MONDAY’S PUBLICATION of the policy wonk’s bible known as the 2019 annual report of the Social Security and Medicare trustees was, as so often in the past, a reminder that the two key programs that depend on those giant pots of money, Social Security and Medicare, face long-term financial challenges. According to the report, Social Security’s costs will exceed its income next year for the first time in 38 years; Medicare, too, will soon be running in the red. Both programs could exhaust their reserves by 2035. Congress and the president must trim benefits or raise taxes — or some of both — to prevent that.
Buried below those all-too familiar headlines, however, the report contained a nugget of extraordinary good news: Social Security’s Disability Insurance (DI) Trust Fund, which helps nonelderly people too sick and injured to work, has gotten an unexpected, and apparently durable, new lease on life. In 2015, the trustees warned the DI fund’s reserves might not be able to cover 100 percent of expected benefits in 2016; now they see them as sufficient to cover all obligations until 2052. This comeback is cause for celebration — and reflection.
The first lesson has to do with the reasons for improvement. In theory, DI does not grow or shrink according to the business cycle’s ups and downs. In practice, though, the long-term jobless tend to use it when their unemployment benefits run out in recessions, such as the one that hit in 2008-2009. The pessimistic 2015 forecasts reflected the then-recent upsurge in disability applications and awards because of that unusually severe downturn. They failed to anticipate subsequent events: an extended period of tight labor markets and low unemployment rates, which has brought many formerly disabled people back into the labor force. As the report notes: “Disability applications have been declining since 2010, and the number of disabled-worker beneficiaries . . . has been falling since 2014.” Spending has been flat at roughly $140 billion per year for the past half-decade, while employed workers’ payroll contributions continue to rise, enabling reserves to accumulate. Meanwhile, modest and, for workers, generally painless administrative reforms — retraining of judges to make more accurate benefit-award decisions; accelerated work on a backlog of disability reviews — also helped contain program growth. And the existence of expanded health care for the working poor under Obamacare reduced an incentive to go on disability, which includes health insurance.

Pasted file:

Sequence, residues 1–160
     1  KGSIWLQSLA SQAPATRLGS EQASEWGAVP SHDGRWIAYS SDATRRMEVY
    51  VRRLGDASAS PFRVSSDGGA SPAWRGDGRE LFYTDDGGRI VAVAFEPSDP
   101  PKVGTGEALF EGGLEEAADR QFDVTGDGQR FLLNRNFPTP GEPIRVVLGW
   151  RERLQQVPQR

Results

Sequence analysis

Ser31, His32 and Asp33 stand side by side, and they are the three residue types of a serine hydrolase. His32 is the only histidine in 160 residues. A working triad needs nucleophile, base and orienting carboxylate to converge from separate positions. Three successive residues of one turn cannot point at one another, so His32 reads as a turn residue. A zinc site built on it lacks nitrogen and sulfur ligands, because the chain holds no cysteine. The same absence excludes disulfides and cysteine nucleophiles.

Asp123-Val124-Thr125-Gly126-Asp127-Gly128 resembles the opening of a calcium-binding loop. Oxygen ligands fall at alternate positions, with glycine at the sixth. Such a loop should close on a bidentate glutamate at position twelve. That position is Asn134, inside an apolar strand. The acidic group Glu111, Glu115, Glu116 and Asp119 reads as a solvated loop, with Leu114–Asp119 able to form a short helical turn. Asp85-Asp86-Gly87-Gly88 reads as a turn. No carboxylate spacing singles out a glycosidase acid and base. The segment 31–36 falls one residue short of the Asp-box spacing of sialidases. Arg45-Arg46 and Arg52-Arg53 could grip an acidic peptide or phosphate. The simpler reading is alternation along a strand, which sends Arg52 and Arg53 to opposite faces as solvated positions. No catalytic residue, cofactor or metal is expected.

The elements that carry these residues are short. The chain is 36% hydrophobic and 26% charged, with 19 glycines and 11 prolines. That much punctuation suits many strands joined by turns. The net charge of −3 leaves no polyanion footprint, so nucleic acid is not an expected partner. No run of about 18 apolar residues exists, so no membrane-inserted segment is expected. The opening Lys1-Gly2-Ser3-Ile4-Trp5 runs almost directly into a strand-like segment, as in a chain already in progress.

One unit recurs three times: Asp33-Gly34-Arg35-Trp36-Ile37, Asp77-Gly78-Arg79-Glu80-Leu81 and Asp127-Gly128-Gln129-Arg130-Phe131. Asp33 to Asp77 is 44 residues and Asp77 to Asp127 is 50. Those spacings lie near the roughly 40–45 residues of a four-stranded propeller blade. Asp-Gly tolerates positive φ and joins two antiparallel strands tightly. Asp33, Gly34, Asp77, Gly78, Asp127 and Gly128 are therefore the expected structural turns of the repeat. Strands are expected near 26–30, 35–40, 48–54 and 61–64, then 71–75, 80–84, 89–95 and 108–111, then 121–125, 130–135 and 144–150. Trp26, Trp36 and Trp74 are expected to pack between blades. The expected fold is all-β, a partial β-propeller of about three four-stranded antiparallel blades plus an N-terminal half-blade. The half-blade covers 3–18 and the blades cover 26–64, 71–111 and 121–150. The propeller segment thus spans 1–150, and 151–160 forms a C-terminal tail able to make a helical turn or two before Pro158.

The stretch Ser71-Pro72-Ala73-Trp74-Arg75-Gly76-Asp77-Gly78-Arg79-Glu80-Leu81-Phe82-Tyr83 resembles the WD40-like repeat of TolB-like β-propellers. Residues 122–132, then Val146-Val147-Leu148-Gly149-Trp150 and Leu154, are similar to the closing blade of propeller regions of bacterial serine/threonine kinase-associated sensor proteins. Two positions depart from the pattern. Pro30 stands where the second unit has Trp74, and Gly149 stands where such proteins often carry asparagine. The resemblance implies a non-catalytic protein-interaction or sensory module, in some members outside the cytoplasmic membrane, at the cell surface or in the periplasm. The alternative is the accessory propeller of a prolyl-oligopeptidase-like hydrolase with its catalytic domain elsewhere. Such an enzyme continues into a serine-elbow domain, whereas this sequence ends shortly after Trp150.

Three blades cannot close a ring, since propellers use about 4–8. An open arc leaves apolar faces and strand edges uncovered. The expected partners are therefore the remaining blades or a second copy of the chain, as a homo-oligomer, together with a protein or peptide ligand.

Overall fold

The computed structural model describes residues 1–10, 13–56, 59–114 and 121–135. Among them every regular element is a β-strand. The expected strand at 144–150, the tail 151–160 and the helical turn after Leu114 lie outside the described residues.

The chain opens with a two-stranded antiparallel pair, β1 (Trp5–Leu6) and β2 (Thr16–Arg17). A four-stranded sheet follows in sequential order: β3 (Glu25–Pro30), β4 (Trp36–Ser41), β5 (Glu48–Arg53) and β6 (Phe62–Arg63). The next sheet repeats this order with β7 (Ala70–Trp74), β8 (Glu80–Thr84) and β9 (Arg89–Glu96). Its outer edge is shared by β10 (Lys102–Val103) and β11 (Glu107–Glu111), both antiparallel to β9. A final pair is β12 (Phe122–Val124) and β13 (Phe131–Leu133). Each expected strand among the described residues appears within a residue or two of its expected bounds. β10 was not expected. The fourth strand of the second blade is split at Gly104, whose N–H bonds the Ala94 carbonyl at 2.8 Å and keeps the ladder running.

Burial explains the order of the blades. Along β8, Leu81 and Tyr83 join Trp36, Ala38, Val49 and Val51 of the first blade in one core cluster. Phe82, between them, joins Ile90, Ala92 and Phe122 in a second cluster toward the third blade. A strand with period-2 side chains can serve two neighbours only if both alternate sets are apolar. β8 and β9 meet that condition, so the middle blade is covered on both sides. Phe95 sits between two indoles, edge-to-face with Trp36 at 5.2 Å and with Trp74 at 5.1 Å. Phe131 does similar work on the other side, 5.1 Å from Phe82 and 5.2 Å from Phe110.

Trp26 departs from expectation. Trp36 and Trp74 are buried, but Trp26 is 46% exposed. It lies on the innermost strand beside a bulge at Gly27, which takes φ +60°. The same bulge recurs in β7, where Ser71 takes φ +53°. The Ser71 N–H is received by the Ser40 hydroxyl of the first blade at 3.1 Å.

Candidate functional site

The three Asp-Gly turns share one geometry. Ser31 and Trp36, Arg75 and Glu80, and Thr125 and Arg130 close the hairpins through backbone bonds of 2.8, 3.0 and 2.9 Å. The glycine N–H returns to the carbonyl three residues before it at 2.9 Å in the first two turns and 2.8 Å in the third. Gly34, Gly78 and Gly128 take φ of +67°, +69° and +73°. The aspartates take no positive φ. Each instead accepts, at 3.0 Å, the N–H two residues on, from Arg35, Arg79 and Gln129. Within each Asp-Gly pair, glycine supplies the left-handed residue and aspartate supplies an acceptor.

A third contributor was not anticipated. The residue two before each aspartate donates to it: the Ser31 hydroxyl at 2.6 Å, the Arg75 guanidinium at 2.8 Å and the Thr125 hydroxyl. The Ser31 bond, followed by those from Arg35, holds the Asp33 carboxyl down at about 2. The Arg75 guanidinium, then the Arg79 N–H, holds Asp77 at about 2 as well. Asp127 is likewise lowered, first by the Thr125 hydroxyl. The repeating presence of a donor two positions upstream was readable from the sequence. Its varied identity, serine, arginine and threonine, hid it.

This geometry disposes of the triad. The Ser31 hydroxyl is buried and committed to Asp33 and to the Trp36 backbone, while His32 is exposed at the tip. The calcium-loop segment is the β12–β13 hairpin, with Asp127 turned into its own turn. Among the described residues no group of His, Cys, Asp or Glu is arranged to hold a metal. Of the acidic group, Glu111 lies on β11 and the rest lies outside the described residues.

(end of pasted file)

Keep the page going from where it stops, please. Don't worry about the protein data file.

The second lesson, therefore, is that one of the many reasons to pursue sustained, and sustainable, economic growth is its positive effect on federal entitlement programs — even without major legislative changes. Yet the final lesson is that forecasts are inherently uncertain, apt to surprise on both the upside and the downside. Given the chance of an unhappy surprise, the wise response to DI’s reprieve is to make necessary structural changes just in case the wolf does come back to the door. Ideas include economists David H. Autor and Mark Duggan’s proposal for financial incentives, both for companies and employees, that would help physically challenged workers find jobs, thus staying off the DI rolls.